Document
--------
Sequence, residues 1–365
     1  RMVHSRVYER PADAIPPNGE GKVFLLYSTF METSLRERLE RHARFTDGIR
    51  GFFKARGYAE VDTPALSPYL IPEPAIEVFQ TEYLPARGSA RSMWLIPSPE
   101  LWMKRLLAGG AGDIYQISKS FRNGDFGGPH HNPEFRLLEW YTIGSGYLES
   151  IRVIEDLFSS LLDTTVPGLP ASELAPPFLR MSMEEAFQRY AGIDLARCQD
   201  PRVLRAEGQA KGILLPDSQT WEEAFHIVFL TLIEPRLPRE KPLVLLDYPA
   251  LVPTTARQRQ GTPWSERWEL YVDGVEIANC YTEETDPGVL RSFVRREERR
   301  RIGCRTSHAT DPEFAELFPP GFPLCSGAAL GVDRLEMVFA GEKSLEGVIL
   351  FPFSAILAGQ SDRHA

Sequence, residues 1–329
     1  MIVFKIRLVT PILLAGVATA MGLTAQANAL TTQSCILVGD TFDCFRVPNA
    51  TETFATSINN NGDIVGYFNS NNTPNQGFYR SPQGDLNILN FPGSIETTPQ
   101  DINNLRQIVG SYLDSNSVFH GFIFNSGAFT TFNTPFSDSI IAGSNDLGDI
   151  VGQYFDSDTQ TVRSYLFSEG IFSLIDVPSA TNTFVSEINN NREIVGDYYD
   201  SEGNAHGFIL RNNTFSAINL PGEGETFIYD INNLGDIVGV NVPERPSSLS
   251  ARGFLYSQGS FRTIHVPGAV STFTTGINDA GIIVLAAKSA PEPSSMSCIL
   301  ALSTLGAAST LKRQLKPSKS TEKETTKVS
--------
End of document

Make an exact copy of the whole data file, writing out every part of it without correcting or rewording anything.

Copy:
Sequence, residues 1–365
     1  RMVHSRVYER PADAIPPNGE GKVFLLYSTF METSLRERLE RHARFTDGIR
    51  GFFKARGYAE VDTPALSPYL IPEPAIEVFQ TEYLPARGSA RSMWLIPSPE
   101  LWMKRLLAGG AGDIYQISKS FRNGDFGGPH HNPEFRLLEW YTIGSGYLES
   151  IRVIEDLFSS LLDTTVPGLP ASELAPPFLR MSMEEAFQRY AGIDLARCQD
   201  PRVLRAEGQA KGILLPDSQT WEEAFHIVFL TLIEPRLPRE KPLVLLDYPA
   251  LVPTTARQRQ GTPWSERWEL YVDGVEIANC YTEETDPGVL RSFVRREERR
   301  RIGCRTSHAT DPEFAELFPP GFPLCSGAAL GVDRLEMVFA GEKSLEGVIL
   351  FPFSAILAGQ SDRHA

Sequence, residues 1–329
     1  MIVFKIRLVT PILLAGVATA MGLTAQANAL TTQSCILVGD TFDCFRVPNA
    51  TETFATSINN NGDIVGYFNS NNTPNQGFYR SPQGDLNILN FPGSIETTPQ
   101  DINNLRQIVG SYLDSNSVFH GFIFNSGAFT TFNTPFSDSI IAGSNDLGDI
   151  VGQYFDSDTQ TVRSYLFSEG IFSLIDVPSA TNTFVSEINN NREIVGDYYD
   201  SEGNAHGFIL RNNTFSAINL PGEGETFIYD INNLGDIVGV NVPERPSSLS
   251  ARGFLYSQGS FRTIHVPGAV STFTTGINDA GIIVLAAKSA PEPSSMSCIL
   301  ALSTLGAAST LKRQLKPSKS TEKETTKVS